Trump Claims Credit for Booming Job Market That Fed Let Run Hot
(Bloomberg) -- It’s the best U.S. job market in decades, and Donald Trump is clearly proud of it. What’s less certain is how much responsibility he can claim.
Employers last year added the most jobs since 2015, including the strongest factory surge in two decades. Unemployment is near a five-decade low while wage gains are the best since 2009. The performance came as Trump launched the biggest tax overhaul since the Reagan era and lifted government spending, juicing an already-solid economy and labor market.
Like any president, Trump gets both credit and criticism for things under his watch. The stimulus helped deliver a growth spurt and lifted business sentiment -- which aided hiring. But analysts argue the Federal Reserve laid the foundation by keeping borrowing costs near zero for years after the recession and raising them only gradually to allow the economy to gain momentum.
Trump’s actions are more “icing on the cake than a fundamental shift,” said Bloomberg economist Tim Mahedy, adding the Fed was the “classic lever” for improvement. “We went from a strong economy to a stronger economy” and by extension, more robust employment in 2018 for which the president deserves some credit, said Mahedy, a former San Francisco Fed researcher.
There’s no easy or accurate way to determine how many of the 2.64 million jobs added in 2018 and 2.19 million in Trump’s first year resulted directly from his policies. The answer depends on who’s talking and which reference points are used.
“The Fed gets credit for the course of the recovery,” said Douglas Holtz-Eakin, president of the American Action Forum, which calls itself a center-right policy researcher. “But if you want to focus on the remarkable performance in 2018, that belongs to President Trump.”
The stimulus provided “an enormous impulse to the economy and has to be the reason why we saw growth ramp up and the job market tighten so much,” said Holtz-Eakin, a former Congressional Budget Office director who advised Republican Senator John McCain’s 2008 presidential campaign.
Trump on Twitter has repeatedly touted “great jobs numbers” after payrolls reports. He’s also cited factory employment growth in a post taking a dig at Obama’s administration.
But Neil Dutta, head of U.S. economics at Renaissance Macro Research LLC, points out that Trump entered office “on the front edge of a cyclical upturn in the global economy.” Rising oil and commodity prices supported big job gains in goods-producing sectors in Trump’s first year, when “we didn’t even have any policies yet.”
The 201,000 average monthly pace of payroll increases for 2017-18 isn’t much different from the prior two years’ 211,000. Bloomberg’s Mahedy said that’s unsurprising because “presidents have less of a direct impact on the economy than they like to think they do.”
The larger economic environment is also shaped by forces such as policies in train from previous administrations, global growth, monetary policy and one-time or external events.
Recession-related job losses following the financial crisis overshadowed Barack Obama’s early years before employment bounced back, while George W. Bush’s first term included the Sept. 11 terrorist attacks, a brief slump and the so-called jobless recovery. Bill Clinton’s presidency saw an employment boom during what ultimately was a record-long expansion.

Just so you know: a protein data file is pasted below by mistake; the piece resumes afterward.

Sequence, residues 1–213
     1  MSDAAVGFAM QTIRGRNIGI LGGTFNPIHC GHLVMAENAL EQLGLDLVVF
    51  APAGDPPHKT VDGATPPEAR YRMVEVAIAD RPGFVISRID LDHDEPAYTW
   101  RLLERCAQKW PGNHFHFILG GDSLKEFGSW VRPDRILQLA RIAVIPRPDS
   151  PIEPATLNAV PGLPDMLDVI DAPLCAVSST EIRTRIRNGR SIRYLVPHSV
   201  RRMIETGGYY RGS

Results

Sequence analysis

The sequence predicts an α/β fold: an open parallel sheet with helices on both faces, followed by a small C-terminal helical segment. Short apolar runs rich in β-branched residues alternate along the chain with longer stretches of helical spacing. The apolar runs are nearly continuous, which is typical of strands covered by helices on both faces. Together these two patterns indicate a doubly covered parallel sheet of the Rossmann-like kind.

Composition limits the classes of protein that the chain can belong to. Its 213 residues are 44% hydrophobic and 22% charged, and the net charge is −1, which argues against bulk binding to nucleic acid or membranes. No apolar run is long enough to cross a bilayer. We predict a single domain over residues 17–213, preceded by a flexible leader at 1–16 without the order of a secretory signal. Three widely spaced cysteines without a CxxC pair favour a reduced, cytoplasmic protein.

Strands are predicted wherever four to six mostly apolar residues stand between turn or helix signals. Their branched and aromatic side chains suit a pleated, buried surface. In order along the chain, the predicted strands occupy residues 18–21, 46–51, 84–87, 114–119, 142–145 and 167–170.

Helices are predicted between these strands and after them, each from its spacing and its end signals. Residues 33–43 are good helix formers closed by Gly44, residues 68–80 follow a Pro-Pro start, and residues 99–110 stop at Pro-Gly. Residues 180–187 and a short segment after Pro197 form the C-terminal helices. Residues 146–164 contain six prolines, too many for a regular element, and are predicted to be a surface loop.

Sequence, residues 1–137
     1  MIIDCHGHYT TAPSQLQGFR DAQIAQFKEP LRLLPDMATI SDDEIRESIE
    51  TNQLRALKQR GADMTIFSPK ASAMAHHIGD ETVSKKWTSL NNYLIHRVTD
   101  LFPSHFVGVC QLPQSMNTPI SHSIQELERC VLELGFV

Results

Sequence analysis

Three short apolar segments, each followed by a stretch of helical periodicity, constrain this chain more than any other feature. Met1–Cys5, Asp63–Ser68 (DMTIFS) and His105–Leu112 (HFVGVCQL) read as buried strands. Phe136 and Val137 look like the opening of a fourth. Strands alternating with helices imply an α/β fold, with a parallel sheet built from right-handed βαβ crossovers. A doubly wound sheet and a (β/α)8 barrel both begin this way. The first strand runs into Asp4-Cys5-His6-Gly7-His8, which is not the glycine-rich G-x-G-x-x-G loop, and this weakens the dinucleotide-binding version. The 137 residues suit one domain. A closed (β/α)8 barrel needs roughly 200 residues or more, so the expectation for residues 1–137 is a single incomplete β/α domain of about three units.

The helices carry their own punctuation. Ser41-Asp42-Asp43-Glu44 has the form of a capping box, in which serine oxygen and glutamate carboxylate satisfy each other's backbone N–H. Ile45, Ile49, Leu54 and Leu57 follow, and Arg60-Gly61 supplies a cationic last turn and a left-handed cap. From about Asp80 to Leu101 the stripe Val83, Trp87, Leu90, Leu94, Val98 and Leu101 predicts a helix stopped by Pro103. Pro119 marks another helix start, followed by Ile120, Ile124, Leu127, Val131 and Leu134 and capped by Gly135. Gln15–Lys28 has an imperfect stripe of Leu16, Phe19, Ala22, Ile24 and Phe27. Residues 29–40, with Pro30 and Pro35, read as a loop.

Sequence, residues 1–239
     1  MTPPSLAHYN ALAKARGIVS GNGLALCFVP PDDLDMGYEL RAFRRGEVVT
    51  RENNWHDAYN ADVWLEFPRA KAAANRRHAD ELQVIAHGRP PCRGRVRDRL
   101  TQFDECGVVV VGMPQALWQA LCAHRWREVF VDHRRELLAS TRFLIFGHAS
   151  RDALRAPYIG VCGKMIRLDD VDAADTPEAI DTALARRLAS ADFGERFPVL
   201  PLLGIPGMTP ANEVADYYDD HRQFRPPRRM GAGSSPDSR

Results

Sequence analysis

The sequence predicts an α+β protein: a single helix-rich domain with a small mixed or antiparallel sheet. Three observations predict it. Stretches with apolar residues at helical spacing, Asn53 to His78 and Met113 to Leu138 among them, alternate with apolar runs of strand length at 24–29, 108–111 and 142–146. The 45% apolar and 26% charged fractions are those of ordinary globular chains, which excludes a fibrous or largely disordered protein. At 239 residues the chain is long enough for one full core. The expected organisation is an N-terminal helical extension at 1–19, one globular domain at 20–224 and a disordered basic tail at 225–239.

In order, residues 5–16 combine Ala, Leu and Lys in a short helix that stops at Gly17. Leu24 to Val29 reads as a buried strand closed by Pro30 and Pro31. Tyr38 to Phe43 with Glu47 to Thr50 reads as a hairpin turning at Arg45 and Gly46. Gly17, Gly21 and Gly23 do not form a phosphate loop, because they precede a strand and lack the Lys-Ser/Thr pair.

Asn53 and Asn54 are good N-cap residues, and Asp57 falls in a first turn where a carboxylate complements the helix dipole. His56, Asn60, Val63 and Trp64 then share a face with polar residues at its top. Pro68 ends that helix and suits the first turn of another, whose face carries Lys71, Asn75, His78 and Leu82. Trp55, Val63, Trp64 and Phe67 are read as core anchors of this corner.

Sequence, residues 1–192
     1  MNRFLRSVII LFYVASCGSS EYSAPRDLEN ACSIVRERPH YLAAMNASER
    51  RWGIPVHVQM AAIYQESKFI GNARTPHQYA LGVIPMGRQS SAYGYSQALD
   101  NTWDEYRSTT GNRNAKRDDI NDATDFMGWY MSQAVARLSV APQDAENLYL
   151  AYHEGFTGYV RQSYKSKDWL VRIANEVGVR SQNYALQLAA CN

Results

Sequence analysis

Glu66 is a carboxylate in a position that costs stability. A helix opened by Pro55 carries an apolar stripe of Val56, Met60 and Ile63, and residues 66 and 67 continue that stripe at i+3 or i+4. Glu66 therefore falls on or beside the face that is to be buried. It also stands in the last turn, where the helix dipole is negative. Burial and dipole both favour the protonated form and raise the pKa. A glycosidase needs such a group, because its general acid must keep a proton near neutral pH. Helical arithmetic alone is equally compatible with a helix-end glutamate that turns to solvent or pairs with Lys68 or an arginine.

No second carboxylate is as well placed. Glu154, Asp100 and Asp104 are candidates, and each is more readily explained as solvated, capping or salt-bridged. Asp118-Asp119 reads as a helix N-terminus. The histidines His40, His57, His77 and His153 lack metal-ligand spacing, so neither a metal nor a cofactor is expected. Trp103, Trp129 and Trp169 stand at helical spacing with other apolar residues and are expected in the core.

Holtz-Eakin said Clinton’s presidency was one of two notable times when the job market outperformed expectations, with unemployment falling dramatically and productivity picking up noticeably. Now, he said unemployment is also low under Trump, though history will show whether productivity is accelerating.
Meanwhile, better employment prospects are drawing more workers into the labor market, boosting the participation rate, or share of working-age people who have or are seeking work.
While Holtz-Eakin said that’s “helping the most marginalized and likely the least well-off Americans,” and is “a huge success” for Trump, many economists credit former Fed Chair Janet Yellen’s policy of holding interest rates low to strengthen the job market.
With job openings exceeding the number of unemployed people, pay is gradually rising. Companies such as Amazon Inc. and Walmart Inc. are raising minimum wages, as are states and cities. Construction and retail jobs have grown even amid a housing slowdown and closings at chains such as Sears Holdings Corp.
White House Council of Economic Advisers Chairman Kevin Hassett says the administration has prioritized bringing factories back to the U.S. and the economy has “snapped out’’ of the less robust growth during Obama’s tenure, despite Trump’s trade war.
“There might be a lot of things you disagree with him about, but you’d have to concede that the corporate tax cuts and the deregulation have created, you know, a big surge,” Hassett said in a recent CNN interview.
Still, the trade war with China -- a centerpiece of Trump’s policies -- has been whipsawing global stock markets, hurting business sentiment, and may be “more corrosive to growth this year,” said Diane Swonk, chief economist at Grant Thornton LLP. The sugar high from fiscal stimulus is expected to wane, even as the budget deficit balloons.
While it’s notable that payrolls growth is faster than would be expected in the expansion’s 10th year, the test will be how employment fares from here on amid headwinds including global-growth concerns and the trade war.
Without tax cuts, 2018 employment would have been less robust though still “pretty good,” Dutta said. “If we continue to generate strong job growth in the back half of 2019 then there’s something to be said.”
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